How to make a regional restaurant a success

Lake house Restaurant
Image: Lisa Cohen

Getting away to the country for a weekend and visiting an award-winning restaurant to sample local, seasonal produce close to its source may be a popular pastime in modern Australia, but when Alla Wolf-Tasker started out the concept of regional dining was a foreign one – literally.

The culinary director of the Lake House at Daylesford in Victoria fell in love with the ethos of regional restaurants in France and was determined to recreate what she saw on her return.

“Their strong sense of place and the incomparable relationship that I had seen first-hand between the chefs and their producer/growers really resonated for me,” she says. “I came back to Australia determined to emulate what I’d seen. But it was the late ‘70s; regional Australia was facing considerable difficulties with loss of traditional industries and dwindling populations. And really no-one travelled to regional Australia in the expectation of finding good food and certainly not a destination restaurant.”

Alla Wolf-Tasker – Image by Kristoffer Paulsen

In the blindness of her youthful determination, Alla never sought to question why Australia had no regional destination restaurants. “After a four-year period of hands on construction, we finally opened our original little 45-seater,” she says. “Rather than being surrounded by small artisan provedores we were encircled by big agricultural concerns growing commodity crops for transport and storage elsewhere. There were no local suppliers for our table, no local discerning clientele, no locally-available trained hospitality career professionals… That’s pretty much when the penny dropped, but it was too late – the dye was cast we’d built our restaurant.”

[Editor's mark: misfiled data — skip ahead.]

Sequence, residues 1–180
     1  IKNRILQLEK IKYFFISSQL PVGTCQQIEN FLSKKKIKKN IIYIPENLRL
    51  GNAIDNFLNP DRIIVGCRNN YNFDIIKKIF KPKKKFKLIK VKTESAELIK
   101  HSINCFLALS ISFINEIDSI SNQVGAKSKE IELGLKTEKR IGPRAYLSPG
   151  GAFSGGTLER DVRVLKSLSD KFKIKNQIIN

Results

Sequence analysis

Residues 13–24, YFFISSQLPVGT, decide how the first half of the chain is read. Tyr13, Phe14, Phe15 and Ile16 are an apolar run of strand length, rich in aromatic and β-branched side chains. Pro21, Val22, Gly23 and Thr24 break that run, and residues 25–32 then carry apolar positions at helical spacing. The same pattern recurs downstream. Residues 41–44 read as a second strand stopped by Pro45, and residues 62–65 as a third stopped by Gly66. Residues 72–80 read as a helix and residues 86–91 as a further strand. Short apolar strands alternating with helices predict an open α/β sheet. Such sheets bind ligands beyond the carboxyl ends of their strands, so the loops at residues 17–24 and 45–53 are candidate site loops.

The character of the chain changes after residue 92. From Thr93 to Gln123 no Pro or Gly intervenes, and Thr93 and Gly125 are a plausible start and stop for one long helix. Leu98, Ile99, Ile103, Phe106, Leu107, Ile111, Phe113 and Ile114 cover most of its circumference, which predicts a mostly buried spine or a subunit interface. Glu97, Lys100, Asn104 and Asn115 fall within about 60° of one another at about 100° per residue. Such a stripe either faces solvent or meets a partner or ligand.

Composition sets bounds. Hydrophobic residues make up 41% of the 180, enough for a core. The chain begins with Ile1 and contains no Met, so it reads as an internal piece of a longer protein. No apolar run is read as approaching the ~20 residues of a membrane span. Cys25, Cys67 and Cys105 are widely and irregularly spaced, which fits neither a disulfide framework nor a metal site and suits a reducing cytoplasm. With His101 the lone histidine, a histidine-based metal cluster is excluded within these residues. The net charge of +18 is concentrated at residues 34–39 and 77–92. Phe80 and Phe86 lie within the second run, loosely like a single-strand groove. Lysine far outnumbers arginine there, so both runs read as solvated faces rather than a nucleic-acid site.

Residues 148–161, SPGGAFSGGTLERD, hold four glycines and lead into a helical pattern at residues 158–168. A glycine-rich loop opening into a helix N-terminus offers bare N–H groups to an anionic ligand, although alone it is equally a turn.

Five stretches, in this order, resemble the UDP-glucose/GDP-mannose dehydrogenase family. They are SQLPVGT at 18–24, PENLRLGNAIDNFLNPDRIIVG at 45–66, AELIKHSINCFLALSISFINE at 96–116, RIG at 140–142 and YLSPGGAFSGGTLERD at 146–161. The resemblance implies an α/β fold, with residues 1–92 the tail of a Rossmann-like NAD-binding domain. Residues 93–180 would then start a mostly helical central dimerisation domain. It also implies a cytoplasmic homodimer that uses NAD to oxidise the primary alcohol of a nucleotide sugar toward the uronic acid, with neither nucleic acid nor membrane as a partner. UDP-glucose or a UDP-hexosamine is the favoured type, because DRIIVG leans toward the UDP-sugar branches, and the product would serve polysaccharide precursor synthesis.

Despite the challenges Alla and her team stuck at it and the restaurant is now considered one of the best in regional Australia, winning countless awards over the decades. The Lake House has around 100 staff working across the small luxury hotel and spa, café Wombat Hill House and the two-hat restaurant that is its beating heart.

Alla, who was recently named winner of the Fine Food Australia Legend of the Industry Award at the Nestlé Professional Women in Foodservice Awards, says it is critical for a regional restaurant to have a personal identity and a strong sense of place.

“There needs to be a desire to stay relevant and contemporary without falling for fads and that requires us all to be sure of what we are and what we do,” she says.

Lake House food – smoked eel, heirloom beets, horseradish – image: Lisa Cohen

“Above all, providing development and support for our team is critical – to keep them engaged and motivated. Continued investment and renewal are also critical. I often joke that this place Lake House gets all the face lifts and I get none! It’s a bit like oiling a much-loved machine really – all driving it in the one direction, updating it and giving it love.”